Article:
New Jersey officials are clarifying a controversial statement issued over the weekend that seemed to ban "wave parades," a celebratory practice made popular in lockdown due to the coronavirus.
With graduations around the corner, many people nationwide have planned wave parades, which involve individuals driving past a location and cheering from inside their vehicles. A letter from Col. Patrick Callahan, superintendent of New Jersey State Police, said wave parades were in violation of Gov. Phil Murphy's March executive order requiring state residents to stay at home and cancel all gatherings.
"It is critical to understand the need to acknowledge academic achievements in ways that do not compromise or endanger public health during the COVID-19 emergency," the statement read. "In-person ceremonies, including graduations, all parades, including wave parades, that invite people to gather at a certain location ... should therefore be canceled or postponed.
Virtual celebrations and other remote forms of recognition should take the place of any in-person or public ceremonies."
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Online protests of the letter quickly followed, with many asking why officials would ban one of the few practices bringing people joy during such a challenging time.
"Governor - folks are in their cars taking responsible safety precautions. Why ban events in the open air that are making New Jersey residents happy in this time of uncertainty?" tweeted District 40 assemblyman Kevin Rooney.
"No Wave parades in #NewJersey?" wrote another Twitter user. "You can't get in your car, wave and honk your horn? WTF?!"
"So.... 'wave parades' so many people have done in our state to encourage one another by driving by homes ... not allowed??" added a third.
During a press conference Monday, Callahan explained that wave parades are, in fact, permitted provided that individuals stay in their cars.
"We would never and we could not prevent vehicles driving by," he said. "Let's say it's a senior, and him or her are on their front porch with their parents. Those vehicles can go by."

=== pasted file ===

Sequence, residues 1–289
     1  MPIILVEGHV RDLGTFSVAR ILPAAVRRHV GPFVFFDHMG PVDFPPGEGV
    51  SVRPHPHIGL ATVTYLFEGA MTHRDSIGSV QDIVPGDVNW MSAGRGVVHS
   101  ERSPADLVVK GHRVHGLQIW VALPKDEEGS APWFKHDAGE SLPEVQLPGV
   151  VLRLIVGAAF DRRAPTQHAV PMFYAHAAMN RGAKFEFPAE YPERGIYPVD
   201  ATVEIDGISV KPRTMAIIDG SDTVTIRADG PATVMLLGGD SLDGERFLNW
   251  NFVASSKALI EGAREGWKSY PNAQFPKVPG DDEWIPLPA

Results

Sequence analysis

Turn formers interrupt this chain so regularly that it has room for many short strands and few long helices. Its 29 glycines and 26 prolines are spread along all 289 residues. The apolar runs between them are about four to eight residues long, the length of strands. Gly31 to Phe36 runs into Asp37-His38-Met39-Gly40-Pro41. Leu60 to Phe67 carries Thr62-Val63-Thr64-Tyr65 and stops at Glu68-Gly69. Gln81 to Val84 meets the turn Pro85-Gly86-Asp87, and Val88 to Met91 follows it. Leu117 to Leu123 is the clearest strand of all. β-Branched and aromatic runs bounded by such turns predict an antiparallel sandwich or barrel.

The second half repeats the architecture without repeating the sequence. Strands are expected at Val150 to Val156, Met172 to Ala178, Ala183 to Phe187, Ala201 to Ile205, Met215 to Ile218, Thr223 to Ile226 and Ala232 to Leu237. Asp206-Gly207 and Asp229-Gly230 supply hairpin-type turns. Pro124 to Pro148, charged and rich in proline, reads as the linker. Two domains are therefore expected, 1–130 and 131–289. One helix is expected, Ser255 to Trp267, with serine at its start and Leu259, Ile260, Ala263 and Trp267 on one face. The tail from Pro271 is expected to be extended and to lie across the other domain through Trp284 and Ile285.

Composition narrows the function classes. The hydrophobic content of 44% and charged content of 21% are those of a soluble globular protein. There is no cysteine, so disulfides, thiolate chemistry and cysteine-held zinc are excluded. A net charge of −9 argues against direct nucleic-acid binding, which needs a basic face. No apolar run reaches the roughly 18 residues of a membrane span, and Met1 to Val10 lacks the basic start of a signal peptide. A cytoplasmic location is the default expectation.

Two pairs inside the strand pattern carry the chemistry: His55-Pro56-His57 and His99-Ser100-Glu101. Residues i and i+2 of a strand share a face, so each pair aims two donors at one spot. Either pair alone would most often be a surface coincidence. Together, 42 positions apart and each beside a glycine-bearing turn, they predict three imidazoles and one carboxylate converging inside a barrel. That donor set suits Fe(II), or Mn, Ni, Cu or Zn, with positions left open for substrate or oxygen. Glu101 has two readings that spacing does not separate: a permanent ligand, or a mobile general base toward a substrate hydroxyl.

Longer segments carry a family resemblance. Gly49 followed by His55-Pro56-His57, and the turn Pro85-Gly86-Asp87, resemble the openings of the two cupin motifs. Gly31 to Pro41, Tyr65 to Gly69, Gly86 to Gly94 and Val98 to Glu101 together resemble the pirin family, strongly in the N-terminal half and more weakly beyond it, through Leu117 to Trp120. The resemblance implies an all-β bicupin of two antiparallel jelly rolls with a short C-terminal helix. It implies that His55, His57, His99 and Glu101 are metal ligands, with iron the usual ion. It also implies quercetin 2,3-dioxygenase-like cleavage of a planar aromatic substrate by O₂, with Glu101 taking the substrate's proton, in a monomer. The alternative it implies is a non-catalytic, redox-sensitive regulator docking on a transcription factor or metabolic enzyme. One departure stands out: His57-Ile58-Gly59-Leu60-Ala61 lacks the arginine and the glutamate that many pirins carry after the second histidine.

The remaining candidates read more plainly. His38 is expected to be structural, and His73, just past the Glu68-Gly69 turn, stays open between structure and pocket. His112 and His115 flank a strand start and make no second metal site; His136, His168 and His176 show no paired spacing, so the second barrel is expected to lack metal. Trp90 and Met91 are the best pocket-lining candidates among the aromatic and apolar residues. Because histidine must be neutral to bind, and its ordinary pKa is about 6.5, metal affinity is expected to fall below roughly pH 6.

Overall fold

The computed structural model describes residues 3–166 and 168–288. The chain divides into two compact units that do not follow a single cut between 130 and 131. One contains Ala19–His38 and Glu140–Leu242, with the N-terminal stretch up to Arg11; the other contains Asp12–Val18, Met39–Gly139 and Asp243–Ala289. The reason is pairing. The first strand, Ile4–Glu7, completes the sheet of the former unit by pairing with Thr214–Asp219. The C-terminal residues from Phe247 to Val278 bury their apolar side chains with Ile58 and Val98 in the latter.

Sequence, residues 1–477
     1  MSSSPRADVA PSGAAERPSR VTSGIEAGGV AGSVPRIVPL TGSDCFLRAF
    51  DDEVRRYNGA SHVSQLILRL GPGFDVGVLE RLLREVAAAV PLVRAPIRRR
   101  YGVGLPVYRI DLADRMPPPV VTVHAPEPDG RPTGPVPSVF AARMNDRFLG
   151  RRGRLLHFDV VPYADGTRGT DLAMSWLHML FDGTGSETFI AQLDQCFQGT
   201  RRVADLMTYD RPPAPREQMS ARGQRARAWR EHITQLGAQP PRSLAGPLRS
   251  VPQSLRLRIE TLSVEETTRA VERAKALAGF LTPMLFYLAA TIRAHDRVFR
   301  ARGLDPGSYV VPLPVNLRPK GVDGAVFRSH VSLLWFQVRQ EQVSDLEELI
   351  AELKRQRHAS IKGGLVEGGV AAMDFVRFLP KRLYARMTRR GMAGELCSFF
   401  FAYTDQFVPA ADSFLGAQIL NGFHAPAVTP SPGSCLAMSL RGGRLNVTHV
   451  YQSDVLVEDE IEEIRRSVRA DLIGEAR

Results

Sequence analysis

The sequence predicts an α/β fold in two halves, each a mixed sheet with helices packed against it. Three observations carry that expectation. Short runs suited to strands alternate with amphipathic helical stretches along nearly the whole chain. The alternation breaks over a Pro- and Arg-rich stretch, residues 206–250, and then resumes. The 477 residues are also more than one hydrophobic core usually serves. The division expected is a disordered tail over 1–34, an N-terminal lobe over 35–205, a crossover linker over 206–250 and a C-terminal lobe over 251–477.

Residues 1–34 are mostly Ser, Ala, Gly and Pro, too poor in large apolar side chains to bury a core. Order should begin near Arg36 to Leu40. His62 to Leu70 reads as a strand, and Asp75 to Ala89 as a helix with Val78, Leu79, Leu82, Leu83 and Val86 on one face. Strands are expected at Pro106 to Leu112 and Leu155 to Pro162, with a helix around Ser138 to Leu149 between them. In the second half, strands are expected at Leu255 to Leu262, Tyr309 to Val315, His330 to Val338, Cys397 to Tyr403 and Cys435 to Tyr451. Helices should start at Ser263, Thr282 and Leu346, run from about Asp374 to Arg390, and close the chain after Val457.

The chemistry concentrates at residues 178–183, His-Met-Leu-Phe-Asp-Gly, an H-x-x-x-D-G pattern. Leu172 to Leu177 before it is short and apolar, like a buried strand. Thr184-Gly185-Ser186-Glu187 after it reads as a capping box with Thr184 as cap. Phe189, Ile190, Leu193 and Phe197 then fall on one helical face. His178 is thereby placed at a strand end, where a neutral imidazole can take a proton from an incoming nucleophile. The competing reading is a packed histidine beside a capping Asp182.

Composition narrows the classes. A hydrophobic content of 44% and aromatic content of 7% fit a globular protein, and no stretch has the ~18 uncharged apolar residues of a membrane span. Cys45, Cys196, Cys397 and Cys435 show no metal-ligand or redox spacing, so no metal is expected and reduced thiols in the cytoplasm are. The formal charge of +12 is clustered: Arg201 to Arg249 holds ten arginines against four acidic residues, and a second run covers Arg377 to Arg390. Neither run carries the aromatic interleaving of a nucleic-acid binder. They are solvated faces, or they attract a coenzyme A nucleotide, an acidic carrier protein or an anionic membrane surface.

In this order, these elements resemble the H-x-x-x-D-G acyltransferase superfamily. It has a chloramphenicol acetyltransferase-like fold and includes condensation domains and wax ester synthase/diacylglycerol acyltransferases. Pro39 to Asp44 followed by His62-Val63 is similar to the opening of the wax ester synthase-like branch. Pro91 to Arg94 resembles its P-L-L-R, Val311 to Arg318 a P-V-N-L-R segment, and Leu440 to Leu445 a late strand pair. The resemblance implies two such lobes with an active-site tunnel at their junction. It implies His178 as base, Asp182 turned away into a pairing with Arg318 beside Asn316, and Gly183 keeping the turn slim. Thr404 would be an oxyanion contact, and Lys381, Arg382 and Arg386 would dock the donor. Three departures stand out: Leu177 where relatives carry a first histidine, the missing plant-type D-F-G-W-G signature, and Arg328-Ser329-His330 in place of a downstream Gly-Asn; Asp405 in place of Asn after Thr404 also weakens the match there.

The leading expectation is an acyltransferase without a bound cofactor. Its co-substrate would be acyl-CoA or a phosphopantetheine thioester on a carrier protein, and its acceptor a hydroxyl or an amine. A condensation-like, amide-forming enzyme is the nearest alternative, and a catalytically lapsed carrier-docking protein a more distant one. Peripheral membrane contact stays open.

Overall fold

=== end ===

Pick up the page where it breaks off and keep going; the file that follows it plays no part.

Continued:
He further explained that the intent of the letter, directed at the state's department of education and both public and private schools, was to discourage events inviting "students to gather on the front lawn of a school, at a football stadium, at a town hall ... which is in violation of the (executive order). ... People who are out of their cars, that was the issue."
Callahan added that wave parades are "a great gesture to give that sense of solidarity, but when there's 50 people standing on top of each other on the curb of a hospital or in front of a high school, that's where the problem comes in."
Across the country, officials in Santa Clara County, California, have taken a rigid stance against wave parades. According to the county's website, a May 4 order explicitly banned car caravans and parades.
"The order prohibits all public and private gatherings with people who do not live in the same household or living unit," the site explained. "Parades, ceremonies, and similar gatherings with people outside your household are not allowed, even if everyone stays in their cars."
On May 4, the New Jersey governor announced that schools in his state will stay closed for the rest of the academic year, and California Gov. Gavin Newsom has said families should operate "with the expectation" that schools will not reopen in the coming weeks.